Everyone who does OSINT is usually reliant on Facebook’s graph search tool for researching their subjects. Great sites like Whopostedwhat, Stalkscan, and Plessas Matrix are essential resources for allowing researchers to see what information is publicly available on Facebook about a particular person, place, or institution. The graph search’s most useful purpose for OSINT was that it allowed you to search not only for information that users had uploaded about themselves, but crucially all the other kinds of information that others had uploaded about them.
So imagine the horror when the world’s OSINT investigators woke up this morning to find that Facebook had disabled the graph search. Dozens of proven investigative methods disappeared in an instant. OSINT trainers would now have to spend the weekend re-writing all their courses, while many other investigations of all kinds would grind to a halt.
Henk van Ess did a brilliant job analysing the problem. It seems that Facebook have now amended the URLs used to conduct graph searches by changing the format, adding specific tokens into the URL, and then encoding the search in Base64. At time of writing it still isn’t exactly clear what the full extent of the changes are, or why Facebook made the changes. Is it part of their new concern about your privacy (but not really)?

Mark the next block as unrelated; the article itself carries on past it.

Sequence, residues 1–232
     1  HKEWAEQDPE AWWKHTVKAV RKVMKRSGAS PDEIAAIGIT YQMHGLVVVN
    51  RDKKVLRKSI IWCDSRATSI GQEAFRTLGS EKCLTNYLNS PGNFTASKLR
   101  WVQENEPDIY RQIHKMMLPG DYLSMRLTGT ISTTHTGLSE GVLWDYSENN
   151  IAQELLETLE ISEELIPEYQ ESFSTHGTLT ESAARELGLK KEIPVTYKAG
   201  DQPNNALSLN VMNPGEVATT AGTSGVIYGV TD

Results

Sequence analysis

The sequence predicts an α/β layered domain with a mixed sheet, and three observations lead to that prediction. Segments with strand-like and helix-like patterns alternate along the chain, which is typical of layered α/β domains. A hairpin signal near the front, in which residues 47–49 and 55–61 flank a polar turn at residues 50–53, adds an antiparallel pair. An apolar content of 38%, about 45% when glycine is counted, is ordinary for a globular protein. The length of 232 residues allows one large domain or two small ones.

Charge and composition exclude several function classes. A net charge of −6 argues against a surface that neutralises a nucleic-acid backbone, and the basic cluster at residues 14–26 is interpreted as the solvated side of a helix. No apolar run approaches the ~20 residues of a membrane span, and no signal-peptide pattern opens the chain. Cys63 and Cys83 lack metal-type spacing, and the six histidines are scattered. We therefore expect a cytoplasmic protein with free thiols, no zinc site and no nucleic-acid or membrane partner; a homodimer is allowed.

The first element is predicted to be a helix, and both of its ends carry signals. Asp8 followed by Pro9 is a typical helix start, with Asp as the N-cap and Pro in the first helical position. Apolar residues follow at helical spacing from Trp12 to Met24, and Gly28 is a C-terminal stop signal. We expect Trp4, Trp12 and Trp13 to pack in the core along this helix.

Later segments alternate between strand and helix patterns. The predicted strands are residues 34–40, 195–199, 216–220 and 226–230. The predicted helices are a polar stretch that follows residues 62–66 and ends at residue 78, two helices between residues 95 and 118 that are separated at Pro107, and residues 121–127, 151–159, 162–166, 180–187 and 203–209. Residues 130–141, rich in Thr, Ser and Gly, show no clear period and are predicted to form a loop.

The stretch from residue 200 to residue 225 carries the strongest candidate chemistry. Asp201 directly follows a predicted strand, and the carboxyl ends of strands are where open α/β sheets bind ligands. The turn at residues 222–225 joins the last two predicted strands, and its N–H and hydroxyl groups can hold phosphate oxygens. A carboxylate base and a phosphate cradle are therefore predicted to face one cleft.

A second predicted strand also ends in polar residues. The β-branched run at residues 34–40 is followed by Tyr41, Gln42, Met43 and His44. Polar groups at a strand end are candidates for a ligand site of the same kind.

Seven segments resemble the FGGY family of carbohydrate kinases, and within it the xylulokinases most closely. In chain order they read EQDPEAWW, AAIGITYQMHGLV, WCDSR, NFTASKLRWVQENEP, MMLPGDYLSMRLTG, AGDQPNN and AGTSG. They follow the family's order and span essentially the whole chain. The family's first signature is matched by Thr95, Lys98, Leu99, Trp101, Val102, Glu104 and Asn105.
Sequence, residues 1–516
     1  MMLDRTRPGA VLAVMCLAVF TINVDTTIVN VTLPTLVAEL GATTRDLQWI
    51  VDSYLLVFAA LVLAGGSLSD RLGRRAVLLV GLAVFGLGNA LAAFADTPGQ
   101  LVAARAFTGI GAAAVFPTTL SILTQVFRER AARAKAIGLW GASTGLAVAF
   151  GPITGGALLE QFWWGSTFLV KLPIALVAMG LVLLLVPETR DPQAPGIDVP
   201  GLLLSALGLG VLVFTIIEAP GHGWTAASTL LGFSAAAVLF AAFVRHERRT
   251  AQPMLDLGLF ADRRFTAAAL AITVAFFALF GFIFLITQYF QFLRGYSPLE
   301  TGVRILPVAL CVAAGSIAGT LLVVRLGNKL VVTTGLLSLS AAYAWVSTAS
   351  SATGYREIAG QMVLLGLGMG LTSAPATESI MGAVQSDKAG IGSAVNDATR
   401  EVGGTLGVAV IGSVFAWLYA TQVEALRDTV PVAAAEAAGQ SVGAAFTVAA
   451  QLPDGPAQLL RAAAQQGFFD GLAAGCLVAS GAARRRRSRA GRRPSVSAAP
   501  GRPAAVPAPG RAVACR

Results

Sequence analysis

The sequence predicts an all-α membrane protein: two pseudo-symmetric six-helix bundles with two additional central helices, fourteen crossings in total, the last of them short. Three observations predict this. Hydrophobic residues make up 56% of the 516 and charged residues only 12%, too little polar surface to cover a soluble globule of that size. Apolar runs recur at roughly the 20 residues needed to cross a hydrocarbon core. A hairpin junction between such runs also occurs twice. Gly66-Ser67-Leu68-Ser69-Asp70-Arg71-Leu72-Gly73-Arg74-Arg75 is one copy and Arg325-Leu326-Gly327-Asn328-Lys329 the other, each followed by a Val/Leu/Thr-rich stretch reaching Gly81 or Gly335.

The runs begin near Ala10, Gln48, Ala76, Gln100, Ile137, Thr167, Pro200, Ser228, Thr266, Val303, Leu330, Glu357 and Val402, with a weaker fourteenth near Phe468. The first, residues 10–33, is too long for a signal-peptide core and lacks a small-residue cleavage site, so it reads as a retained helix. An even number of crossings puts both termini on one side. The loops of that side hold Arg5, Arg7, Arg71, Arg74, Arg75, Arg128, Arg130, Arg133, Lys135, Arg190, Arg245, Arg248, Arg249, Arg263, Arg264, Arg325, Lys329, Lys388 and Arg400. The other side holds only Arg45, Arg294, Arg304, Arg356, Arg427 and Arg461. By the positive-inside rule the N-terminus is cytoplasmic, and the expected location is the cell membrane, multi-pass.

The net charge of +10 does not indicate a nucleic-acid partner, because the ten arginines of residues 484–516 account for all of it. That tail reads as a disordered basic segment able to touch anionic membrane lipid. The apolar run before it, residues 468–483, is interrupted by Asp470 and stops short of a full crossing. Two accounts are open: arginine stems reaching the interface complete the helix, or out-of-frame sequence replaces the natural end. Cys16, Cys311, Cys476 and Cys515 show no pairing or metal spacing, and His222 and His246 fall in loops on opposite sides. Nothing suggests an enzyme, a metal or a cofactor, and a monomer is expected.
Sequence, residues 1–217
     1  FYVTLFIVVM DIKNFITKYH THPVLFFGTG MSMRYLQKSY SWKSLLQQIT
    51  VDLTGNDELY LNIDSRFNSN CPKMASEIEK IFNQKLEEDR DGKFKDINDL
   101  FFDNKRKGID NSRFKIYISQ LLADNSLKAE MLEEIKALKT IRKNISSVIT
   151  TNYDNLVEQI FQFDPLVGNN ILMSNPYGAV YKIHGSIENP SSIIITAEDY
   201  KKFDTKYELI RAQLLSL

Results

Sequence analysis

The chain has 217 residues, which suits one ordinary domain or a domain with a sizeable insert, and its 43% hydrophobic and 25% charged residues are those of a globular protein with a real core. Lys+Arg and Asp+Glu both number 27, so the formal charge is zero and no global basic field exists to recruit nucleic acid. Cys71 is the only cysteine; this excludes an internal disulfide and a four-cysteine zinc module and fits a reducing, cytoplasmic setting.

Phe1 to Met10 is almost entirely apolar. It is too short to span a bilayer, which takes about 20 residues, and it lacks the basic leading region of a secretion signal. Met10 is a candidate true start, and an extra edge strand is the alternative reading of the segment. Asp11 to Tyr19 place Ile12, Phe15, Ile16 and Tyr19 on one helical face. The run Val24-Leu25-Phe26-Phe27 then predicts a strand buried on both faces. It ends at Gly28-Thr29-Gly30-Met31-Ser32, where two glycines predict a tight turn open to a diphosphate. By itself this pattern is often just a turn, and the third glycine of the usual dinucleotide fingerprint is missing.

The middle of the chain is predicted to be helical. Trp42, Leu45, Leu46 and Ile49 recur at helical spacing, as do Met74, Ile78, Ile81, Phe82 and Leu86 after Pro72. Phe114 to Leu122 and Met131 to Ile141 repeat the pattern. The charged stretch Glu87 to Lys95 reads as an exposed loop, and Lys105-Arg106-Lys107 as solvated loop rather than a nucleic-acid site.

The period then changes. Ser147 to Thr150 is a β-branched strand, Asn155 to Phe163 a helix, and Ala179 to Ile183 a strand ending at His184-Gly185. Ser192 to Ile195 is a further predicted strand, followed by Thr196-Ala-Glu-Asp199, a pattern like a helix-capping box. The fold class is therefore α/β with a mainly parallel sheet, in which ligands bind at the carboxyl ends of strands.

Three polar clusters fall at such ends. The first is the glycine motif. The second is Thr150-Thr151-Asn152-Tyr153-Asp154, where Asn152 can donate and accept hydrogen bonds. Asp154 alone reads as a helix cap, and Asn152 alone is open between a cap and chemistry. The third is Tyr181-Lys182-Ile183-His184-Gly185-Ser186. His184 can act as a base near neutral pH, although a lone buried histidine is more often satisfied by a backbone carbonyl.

For now at least, there is a workaround that Henk, and others have discovered. It relies on being able to conduct a graph search with a predictable URL rather than an encoded token in a manner similar to before. For example, the previous URL to search for photos that someone had been tagged in would be:
This no longer works, but currently it is possible to switch to the mobile version of Facebook by replacing ‘www‘ with ‘mtouch‘ and ‘search‘ with ‘graphsearch‘. Results are presented in the Facebook mobile format rather than the usual desktop version. A new URL for the tagged photo search would like this:
How long will this fix last for? The decision to encode the standard graph search URLs is obviously a planned decision by Facebook and it’s probably best to assume that it still works in the mobile format simply because Facebook haven’t implemented the change yet rather than because they don’t want to. Enjoy it while it lasts!
UPDATE – 8th June. Looks like the workaround no longer functions. Facebook appear to have made the same changes to the mobile graph search URLs as it did to the regular URLs. RIP graph search (for now at least).